Two recent incidents of stray cattle injuring people, including former Deputy Chief Minister Nitin Patel, have not only revealed the extent of menace but also exposed the administration’s will to tackle the situation.
Patel was hit by a cow in Mehsana on Friday, and on Saturday a bull entered Chief Minister Bhupendra Patel’s cavalcade in Porbandar.
In the last ten months, 4860 attacks have been reported in 33 districts and cities by the local media, in which 28 persons have lost their lives. The highest deaths were reported from Porbandar (6), Banaskantha (5) and Patan (four), but the highest number of incidents have been reported from Ahmedabad 524, followed by Dahid (282), Amreli (259), Surat (248).
The state government passed the Gujarat Cattle Control (keeping and moving) Bill on March 31. According to this, pastoralists living in eight major cities and 156 towns were to be fined for leaving their cattle free on the roads. However, within two weeks, the government put the Bill on the backburner after pastoralists and Maldharis opposed this and decided to launch statewide agitation. Fearing electoral dent in the vote bank in upcoming Assembly elections, the government decided not to go ahead with the Bill.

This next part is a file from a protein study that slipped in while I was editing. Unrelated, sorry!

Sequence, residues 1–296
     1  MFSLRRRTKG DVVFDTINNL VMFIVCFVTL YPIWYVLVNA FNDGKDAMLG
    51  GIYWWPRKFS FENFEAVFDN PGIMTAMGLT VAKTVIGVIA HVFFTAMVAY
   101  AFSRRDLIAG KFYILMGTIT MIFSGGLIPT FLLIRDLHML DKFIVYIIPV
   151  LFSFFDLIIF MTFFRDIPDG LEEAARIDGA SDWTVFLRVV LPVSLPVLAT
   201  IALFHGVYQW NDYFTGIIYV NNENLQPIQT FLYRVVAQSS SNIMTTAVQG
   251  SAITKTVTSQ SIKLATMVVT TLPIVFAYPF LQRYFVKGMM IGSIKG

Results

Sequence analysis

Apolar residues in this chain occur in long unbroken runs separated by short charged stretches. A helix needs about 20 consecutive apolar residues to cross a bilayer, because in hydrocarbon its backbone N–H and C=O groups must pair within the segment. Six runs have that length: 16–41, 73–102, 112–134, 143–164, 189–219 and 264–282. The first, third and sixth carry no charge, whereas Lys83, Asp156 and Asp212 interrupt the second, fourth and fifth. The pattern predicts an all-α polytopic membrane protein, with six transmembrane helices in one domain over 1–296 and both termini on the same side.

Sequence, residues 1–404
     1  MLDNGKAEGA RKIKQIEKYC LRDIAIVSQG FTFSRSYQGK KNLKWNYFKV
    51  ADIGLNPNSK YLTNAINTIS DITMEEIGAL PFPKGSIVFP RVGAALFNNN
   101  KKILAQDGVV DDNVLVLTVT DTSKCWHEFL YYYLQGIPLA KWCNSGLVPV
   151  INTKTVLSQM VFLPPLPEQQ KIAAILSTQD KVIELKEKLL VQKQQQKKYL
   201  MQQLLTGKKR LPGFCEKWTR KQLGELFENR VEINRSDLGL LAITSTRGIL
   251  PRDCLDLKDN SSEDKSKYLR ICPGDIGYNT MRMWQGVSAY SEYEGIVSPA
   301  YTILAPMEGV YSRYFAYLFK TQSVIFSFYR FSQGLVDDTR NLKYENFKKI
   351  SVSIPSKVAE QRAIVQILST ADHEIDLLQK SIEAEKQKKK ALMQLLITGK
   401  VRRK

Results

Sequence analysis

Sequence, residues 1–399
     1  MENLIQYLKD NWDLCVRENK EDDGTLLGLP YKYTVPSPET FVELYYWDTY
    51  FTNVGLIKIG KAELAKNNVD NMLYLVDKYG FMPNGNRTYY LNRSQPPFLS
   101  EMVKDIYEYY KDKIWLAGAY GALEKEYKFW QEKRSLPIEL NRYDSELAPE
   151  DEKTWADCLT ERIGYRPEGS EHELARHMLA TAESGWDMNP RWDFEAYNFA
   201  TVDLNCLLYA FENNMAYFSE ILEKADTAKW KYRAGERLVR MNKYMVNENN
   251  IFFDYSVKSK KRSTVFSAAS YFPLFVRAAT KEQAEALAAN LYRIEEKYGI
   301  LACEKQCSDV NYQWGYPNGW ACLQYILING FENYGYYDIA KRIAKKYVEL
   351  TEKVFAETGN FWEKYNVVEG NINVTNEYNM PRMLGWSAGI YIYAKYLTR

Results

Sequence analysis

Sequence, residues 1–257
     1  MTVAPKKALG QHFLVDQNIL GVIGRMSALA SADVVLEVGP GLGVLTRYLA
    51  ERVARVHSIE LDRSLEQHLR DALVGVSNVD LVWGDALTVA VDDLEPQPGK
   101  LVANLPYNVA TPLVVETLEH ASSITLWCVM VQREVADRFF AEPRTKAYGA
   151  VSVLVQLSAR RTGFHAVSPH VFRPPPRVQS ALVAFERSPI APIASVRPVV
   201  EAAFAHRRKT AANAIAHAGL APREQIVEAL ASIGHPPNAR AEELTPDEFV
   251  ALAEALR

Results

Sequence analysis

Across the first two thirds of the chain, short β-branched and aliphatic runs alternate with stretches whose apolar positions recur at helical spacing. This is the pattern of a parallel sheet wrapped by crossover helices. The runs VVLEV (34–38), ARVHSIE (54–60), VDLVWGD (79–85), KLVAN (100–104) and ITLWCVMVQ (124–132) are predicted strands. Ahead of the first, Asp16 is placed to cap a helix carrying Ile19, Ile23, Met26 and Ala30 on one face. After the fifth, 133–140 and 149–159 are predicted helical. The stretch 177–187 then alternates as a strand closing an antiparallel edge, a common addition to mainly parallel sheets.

“Law and imposing a fine is not the solution,” believes Nagji Desai, President of Maldhari Panchayat. According to him, there are two possible solutions to stray cattle issues in cities and towns, first is state should stop expanding cities and merging villages. In 2021, alone in Ahmedabad 38 villages were merged.
He questions without grazeland how the government expects pastoralists to feed their domestic cattles.
The second solution is to create Pastoralists Vasahats kilometers away from the major cities. For example, pastoralists living in Ahmedabad city can be rehabilitated some 20 to 30 kilometers away from the city like Sanand, Kalol, Dehgam and Kheda, where the state can provide them houses, stable and land for fodder or grazeland. The Rajasthan government has created Maldhari Vasahats.
State Congress chief Jagdish Thakor last week made a promise that if his party comes to power it will give pastoralists the farmer’s status so they can buy agricultural land on which they can grow fodder to meet the needs of rearing domestic cattle.